Myra saw her out of the corner of her eye that first moment they entered the gates of Versailles. What stood out about her, in all of its visual loudness, was the bright yellow tone of her jacket. A lightweight fall number that looked, to Myra, like a cotton-polyester blend. It had three-quarter length sleeves, with a hem that fell just above her knees. Myra might never have noticed such key details were it not for the contrast of another woman nearby wearing a deeper canary yellow hue in a shorter cut that fell at her waist.
From the outset, both women would ruin various photo-taking opportunities near the solid gold gates they would soon be allowed the “luxury,” as modern plebes, to get behind. It would be one thing if these women were “standard extras,” but the glaring couleur of their jackets eclipsed even what should have been the overpowering grandiosity of the gates. After waiting several minutes with her friend, Luc, for the yellow-jacketed doppelgängers to pass, Myra finally gave up. They kept standing there, themselves delighting in having the people they were with take pictures of them. Sighing to Luc, she said, with naïve hope for the rest of the visit, “Let’s just go inside. I’m sure there will be plenty of other backdrops to choose from.”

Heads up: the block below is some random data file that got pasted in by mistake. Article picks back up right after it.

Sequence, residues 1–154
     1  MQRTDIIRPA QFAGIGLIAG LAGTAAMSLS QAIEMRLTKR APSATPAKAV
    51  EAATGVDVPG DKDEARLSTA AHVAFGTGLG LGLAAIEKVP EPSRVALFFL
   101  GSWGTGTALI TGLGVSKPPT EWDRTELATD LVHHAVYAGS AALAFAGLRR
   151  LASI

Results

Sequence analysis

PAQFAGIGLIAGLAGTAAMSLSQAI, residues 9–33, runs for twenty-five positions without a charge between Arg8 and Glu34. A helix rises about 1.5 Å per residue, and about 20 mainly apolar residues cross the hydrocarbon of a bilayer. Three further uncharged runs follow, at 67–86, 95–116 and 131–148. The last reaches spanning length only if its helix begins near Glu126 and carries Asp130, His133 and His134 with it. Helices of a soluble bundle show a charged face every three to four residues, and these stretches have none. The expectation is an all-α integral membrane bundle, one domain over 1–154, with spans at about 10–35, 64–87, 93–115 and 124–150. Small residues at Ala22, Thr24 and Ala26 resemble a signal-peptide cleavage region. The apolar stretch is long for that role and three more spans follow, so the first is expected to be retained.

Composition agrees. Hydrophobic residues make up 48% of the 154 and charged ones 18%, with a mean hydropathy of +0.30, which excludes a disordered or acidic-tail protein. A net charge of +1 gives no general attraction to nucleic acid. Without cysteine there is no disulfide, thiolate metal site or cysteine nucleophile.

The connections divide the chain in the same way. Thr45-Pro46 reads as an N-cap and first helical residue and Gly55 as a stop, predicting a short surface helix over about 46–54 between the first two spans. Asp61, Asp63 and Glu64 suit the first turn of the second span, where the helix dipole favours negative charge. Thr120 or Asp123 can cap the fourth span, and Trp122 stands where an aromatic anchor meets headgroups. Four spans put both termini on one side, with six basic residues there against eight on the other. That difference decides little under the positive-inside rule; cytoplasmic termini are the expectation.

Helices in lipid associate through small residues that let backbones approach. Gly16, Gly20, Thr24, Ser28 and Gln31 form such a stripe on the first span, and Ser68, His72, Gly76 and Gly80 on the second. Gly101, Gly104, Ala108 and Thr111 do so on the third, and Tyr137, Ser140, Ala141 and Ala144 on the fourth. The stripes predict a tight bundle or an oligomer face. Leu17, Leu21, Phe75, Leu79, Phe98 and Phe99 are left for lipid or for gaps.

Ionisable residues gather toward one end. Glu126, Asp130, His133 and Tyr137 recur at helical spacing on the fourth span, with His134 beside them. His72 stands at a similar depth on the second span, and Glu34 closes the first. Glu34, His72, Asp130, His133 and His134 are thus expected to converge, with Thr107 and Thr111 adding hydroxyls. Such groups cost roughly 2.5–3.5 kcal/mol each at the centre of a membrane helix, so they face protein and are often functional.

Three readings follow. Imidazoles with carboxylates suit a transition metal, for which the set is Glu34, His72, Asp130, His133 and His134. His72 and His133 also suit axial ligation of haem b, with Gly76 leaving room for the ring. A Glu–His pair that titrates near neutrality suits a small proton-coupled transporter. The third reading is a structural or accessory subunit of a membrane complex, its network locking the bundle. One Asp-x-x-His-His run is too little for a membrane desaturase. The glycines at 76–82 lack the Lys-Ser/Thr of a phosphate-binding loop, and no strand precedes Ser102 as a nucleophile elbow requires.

And she was right, there were. She took advantage of many of them, from posing in the Hall of Mirrors to making a disgusted face in front of several different busts of indistinguishable-from-one-another white men in the Gallery of Great Battles. You know, to show just how much of history was and remains dictated by a single type of person (read: Caucasian and male). But this sense of liberation from unwanted hoi polloi constantly infecting her space was quickly interrupted once they entered into the jardins of the château. The infamous, sprawling outdoor space made all the more iconic by Sofia Coppola in 2006. The place where countless instances of debauchery and bacchanalia must surely have gone down, only to be reduced to this vanilla present of tourism. Oh, how positively appalled Comtesse du Barry would be to see this place so staid and sterile. Then again, she was already disappointed by that in her own time as Louis XV’s mistress.
Current “tranquil atmosphere” or not, it was easy for Myra to see that various pockets of the garden had once served their purpose of easily furnishing some ritualistic orgies. There was just no way to deny it. All one needed to do was look at the Star Grove (with its erstwhile pentagram landscape structure conveniently removed), Apollo’s Bath Grove and the Enceladus Grove to fathom the decadent delights of the monarchs and those allowed into their orbit. Luc wasn’t really interested in hearing about this speculation on Myra’s part. Nor could he stand her constant inquiries as to whether or not he could take “just one more photo” of her here or there, and everywhere. It set him off in such a way that he proceeded to pontificate about Thomas Bernhard’s stance on “pictures” (both literal and metaphorical) as he recited the lines, “These pictures are full of lies and falsehoods and full of hypocrisy and self-deception, there is nothing else in them if we disregard their often inspired artistry. All these pictures, moreover, are an expression of man’s absolute helplessness in coping with himself and with what surrounds him all his life.”